Skip connections is a key contribution of the Unet paper and is important for the image segmentation problems as we lose important data every time we apply pooling layers. In FCN, we repeatedly apply a bunch of convolutional layers followed by upsample layers till we convert the output of the encoder to our desired size, in our case it is the size of mask 128,128. As we reach the last layers of the model, the model would lose essential information. Skip connections let us use the outputs of encoders at different levels with the corresponding decoders, thus allowing the information to be passed. In the below example we take the output of decoder5 and concatenate it with the last but one output of encoder e4 thus letting our model easily find important information.

d4 = self.decoder4(torch.cat([d5, e4], 1))

#### Hyper columns​

In the last few years, most of the image segmentation solutions are powered by a concept called hyper columns. It is a simple and yet powerful concept. Without hypercolumns our unet model will output the last decoder output d1. The last output may not have fine-grained information or minute details required for identifying if a pixel contains salt. So hypercolumn is the use of all the outputs of decoders in our case it is d1,d2,d3,d4,d5. There is a small challenge in using all these outputs, they are all of different sizes. We resize all these outputs/tensors to the same shape and usually, that is the size of mask.

We take the output of each decoder and interpolate to get it to the same shape and apply a couple of convolution layers. This approach helps in fine-grained classification problems. For converting these tensors to the same shape we upsample them by using PyTorch interpolate functionality.

The interpolate functionality takes scale_factor as argument which tells how much the tensor has to be resized. For d2 the height and width is 64,64 so we need scale_factor to be 2 to make it of size 128,128.

f = torch.cat((                                                         #Shapes of each decoder(H,W)         d1,                                                                        #128,128         F.interpolate(d2, scale_factor=2, mode='bilinear',align_corners=False),    #64,64         F.interpolate(d3, scale_factor=4, mode='bilinear', align_corners=False),   #32,32         F.interpolate(d4, scale_factor=8, mode='bilinear', align_corners=False),   #16,16         F.interpolate(d5, scale_factor=16, mode='bilinear', align_corners=False),  #8,8), 1)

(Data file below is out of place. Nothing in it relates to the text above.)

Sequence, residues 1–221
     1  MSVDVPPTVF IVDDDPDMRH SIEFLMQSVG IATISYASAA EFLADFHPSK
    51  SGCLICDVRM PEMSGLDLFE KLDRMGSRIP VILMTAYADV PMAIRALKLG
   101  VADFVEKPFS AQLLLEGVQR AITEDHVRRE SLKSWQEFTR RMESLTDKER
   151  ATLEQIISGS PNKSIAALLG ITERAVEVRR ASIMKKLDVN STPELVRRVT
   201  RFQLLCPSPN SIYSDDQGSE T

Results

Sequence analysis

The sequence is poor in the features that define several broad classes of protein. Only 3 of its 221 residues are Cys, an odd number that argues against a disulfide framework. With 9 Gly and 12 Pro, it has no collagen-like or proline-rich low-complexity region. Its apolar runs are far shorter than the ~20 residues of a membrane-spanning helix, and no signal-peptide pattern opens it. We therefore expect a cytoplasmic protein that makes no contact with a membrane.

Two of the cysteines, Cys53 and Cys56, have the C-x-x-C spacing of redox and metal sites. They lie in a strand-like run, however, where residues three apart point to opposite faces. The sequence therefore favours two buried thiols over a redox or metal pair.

## Training model​

This is the part which fastai makes it extremely easy. When we have good architecture, we would like to train our model using some of the best practices. fastai makes it extremely easy by providing functionalities to find optimal learning rate lr_find, different optimizers, different training methods like fit_one_cycle which helps in quick convergence and these functionalities let us quickly experiment with different approaches. We will just walk through one simple approach we can follow to train our model.

In order to use all the advantages of fastai training functionalities we need a data loader, model, loss function and metrics. Let’s create a Learner object which lets us train our model.

for fold_id in range(kf):    dls = dls = get_data(fold_id=fold_id,folds=folds,size=128,bs=32)    learn = Learner(dls,UnetResNext50(),loss_func=symmetric_lovasz,                    lr=1e-3,                    wd=1e-7,                    metrics=[meanapv1],                    cbs=[SaveModelCallback(monitor='meanapv1',comp=np.greater,fname="best_next-model")])    learn.fit_one_cycle(60,slice(1e-3))    learn.save(f'resnext-{fold_id}')

We created our data loader with images of size 128, as it helps us to train and experiment faster. In the above code, we are training the model for 10 folds and saving the models respectively. At this stage, our model can put us on the LB in the top 6-7 %.

### Progressive resizing​

Progressive resizing is an important technique that lets us train models on images of smaller size and then fine-tune the same model on larger image sizes. We can use this technique to fine-tune our previously trained model.